Michael Pollan needs no introduction. Since The Omnivore’s Dilemma (The Penguin Press, 2006) established him as a prominent food-system American luminary, the New-York-Times-journalist-turned-best-selling-author has been speaking at sold-out events around the country—and abroad. These days, his fans can rejoice in having plenty of opportunities to hear him live, in the mainstream media or in the blogosphere, as he discusses his latest book, Cooked: A Natural History of Transformation.
“It was never my plan to write about cooking,” he recently told packed pews in the beautiful church of San Francisco First Unitarian Universalist Society. A couple of epiphanies changed all that. While working on Food Rules, he was told by a transplant cardiologist that the post-surgery prescription to his patients is a recipe for roast chicken and suggestions for how to turn left-overs into a meal on day 2 and a soup on day 3. The good doctor had clearly been honoring his Hippocratic Oath with zeal. “Let food be thy medicine and medicine be thy food,” Greek doctor Hippocrates famously preached in the 5th century B.C.–he’d most likely be aghast at the contempt given nutrition in medical schools by the way.
Proposition 37 march in San Francisco, October 6, 2012.
Unless you’ve been living under a rock, or outside of the USA, you can’t ignore by now that the hottest campaign leading up to the November ballot is actually taking place in California. Yep, forget about the swing states. It’s safe to say that no presidential election will have as much impact on this country’s food system than the referendum that’s currently brewing in California.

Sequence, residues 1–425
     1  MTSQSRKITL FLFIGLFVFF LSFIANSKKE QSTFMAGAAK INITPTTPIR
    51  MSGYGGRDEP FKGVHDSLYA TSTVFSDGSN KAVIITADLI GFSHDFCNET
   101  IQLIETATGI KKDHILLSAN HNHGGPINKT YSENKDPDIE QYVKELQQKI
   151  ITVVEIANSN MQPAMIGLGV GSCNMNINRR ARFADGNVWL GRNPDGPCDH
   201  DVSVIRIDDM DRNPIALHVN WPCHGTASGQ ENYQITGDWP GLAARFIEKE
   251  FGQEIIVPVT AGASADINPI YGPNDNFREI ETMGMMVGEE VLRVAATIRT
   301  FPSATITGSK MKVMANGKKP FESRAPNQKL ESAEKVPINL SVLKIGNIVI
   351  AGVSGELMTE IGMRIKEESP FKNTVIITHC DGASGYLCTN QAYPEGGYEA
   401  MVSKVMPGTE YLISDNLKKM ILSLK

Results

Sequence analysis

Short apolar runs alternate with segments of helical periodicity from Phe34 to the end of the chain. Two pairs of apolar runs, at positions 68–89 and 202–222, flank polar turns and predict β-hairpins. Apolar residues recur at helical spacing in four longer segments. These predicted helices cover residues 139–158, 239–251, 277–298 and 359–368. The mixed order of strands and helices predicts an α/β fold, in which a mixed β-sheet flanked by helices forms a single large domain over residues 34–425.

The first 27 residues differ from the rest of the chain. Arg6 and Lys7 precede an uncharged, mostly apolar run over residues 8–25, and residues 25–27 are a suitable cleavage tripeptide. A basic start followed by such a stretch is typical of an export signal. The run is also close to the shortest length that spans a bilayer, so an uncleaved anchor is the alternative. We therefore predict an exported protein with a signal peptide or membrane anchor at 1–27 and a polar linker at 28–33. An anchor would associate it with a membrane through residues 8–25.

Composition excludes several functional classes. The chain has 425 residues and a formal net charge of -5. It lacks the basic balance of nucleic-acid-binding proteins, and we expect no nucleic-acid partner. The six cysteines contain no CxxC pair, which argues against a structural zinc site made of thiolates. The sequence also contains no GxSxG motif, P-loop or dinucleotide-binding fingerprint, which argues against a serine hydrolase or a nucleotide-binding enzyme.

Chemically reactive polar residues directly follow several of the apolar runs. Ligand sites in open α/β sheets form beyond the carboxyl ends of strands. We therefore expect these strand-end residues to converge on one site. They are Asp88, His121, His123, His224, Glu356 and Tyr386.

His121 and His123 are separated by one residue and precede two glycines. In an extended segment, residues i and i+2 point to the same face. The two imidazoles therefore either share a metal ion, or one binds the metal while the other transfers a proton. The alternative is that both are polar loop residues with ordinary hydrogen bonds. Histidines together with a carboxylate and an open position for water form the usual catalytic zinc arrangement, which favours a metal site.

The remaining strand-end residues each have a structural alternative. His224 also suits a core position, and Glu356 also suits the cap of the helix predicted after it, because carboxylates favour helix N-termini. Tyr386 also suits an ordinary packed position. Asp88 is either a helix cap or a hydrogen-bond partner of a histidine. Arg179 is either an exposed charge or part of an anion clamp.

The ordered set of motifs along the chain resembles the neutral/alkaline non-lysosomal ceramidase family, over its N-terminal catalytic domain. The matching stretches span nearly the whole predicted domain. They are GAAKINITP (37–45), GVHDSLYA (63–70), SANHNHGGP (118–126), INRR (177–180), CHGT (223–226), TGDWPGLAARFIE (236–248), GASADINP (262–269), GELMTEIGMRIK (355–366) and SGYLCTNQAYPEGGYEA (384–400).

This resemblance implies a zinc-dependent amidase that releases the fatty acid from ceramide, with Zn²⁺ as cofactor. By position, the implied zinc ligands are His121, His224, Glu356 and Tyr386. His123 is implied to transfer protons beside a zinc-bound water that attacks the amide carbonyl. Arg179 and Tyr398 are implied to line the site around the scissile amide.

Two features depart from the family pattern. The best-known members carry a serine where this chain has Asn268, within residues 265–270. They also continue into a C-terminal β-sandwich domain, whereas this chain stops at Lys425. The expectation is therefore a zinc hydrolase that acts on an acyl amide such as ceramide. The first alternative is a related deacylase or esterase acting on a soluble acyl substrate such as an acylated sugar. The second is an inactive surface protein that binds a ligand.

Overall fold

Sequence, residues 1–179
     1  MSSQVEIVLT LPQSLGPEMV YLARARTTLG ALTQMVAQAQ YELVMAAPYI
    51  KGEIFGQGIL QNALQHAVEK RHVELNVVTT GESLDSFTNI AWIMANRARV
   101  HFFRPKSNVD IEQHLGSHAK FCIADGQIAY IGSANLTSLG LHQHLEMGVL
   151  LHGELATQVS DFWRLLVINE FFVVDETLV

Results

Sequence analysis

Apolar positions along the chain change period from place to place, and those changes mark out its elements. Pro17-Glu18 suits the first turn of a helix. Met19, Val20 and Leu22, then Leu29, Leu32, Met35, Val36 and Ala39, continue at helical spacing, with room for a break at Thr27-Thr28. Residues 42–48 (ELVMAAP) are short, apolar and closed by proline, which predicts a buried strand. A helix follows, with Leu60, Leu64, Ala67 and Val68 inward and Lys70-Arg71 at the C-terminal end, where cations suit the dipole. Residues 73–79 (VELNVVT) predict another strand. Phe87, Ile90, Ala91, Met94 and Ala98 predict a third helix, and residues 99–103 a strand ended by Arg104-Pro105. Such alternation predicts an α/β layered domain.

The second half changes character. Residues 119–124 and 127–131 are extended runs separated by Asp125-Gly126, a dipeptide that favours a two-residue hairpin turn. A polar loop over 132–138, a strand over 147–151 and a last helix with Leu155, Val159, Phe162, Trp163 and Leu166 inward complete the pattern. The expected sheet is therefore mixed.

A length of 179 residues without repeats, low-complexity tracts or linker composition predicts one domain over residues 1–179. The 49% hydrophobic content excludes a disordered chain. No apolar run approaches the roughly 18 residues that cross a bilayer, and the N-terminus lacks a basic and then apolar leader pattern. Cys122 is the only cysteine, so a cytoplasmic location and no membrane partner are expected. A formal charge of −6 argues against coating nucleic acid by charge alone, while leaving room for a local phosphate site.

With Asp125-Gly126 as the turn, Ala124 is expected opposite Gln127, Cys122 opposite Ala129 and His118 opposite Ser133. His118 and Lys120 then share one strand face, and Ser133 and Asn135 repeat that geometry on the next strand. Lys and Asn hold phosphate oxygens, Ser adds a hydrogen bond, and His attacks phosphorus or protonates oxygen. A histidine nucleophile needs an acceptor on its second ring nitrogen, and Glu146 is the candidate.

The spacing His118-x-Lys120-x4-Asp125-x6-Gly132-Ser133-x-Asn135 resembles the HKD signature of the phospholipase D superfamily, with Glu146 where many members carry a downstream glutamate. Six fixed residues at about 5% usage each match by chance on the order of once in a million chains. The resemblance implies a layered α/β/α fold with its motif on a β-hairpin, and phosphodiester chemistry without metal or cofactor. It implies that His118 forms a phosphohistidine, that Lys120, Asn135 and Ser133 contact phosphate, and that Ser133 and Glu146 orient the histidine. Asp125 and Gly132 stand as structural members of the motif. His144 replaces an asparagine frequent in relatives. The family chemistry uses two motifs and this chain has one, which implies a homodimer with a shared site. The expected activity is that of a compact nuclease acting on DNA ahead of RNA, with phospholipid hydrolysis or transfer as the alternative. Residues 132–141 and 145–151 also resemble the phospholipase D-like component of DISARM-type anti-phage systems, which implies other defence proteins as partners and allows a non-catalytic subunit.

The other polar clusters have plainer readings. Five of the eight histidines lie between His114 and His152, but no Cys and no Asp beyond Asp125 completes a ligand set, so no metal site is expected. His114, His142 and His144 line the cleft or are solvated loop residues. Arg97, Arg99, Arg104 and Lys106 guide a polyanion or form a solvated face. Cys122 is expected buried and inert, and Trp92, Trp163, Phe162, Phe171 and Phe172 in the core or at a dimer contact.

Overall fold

If Proposition 37 (The California Right to Know Genetically Engineered Food Act) passes on November 6, all raw or processed food sold through retail in California, that is genetically engineered or contains at least 0.5 percent of GMO (genetically modified organisms), will have to be labeled as such starting July 1, 2014. Exemptions include food sold for immediate consumption, alcohol, and meat or milk from GMO-fed animals.
You’ve all heard it by now: organic foods, including meat (read “antibiotic- and hormone-free”), offer no substantial health benefits over conventional foods. These dubious findings were served to us first by the New York Times, with the compliments of a research team at Stanford University.
Naturally, the Gray Lady was flooded by letters to the editor to refute the absurd statement. What of the hundreds of research papers showing just the opposite? The countless personal accounts of healing through organic foods? What about the narrow focus on the consumer’s individual health, anyway, when the demonstrated benefits of organics obviously include farmers, soil, water, wildlife?
Few legislative texts are as essential as the Farm Bill. Reshaped every five years, this piece of legislation plays a major role in defining the American food system. It frames the priorities of the US agricultural policy (say, increase commodity crops for exports and biofuels). Historically, it has also provided the biggest source of funding for food, nutrition and conservation programs. So when the Senate Committee on Agriculture, Nutrition & Forestry issued its draft of the new farm bill, last week, a lot of people got upset: the budget for the aforementioned programs gets the axe, while subsidies benefitting plush corporate farms are maintained under a new name. Meanwhile, organic agriculture in general, and small producers of health-promoting foods like fruits and vegetables in particular, are set to receive no more than the usual crumbs.
Read Grist’s article, and click on its links, to get a good picture of the situation.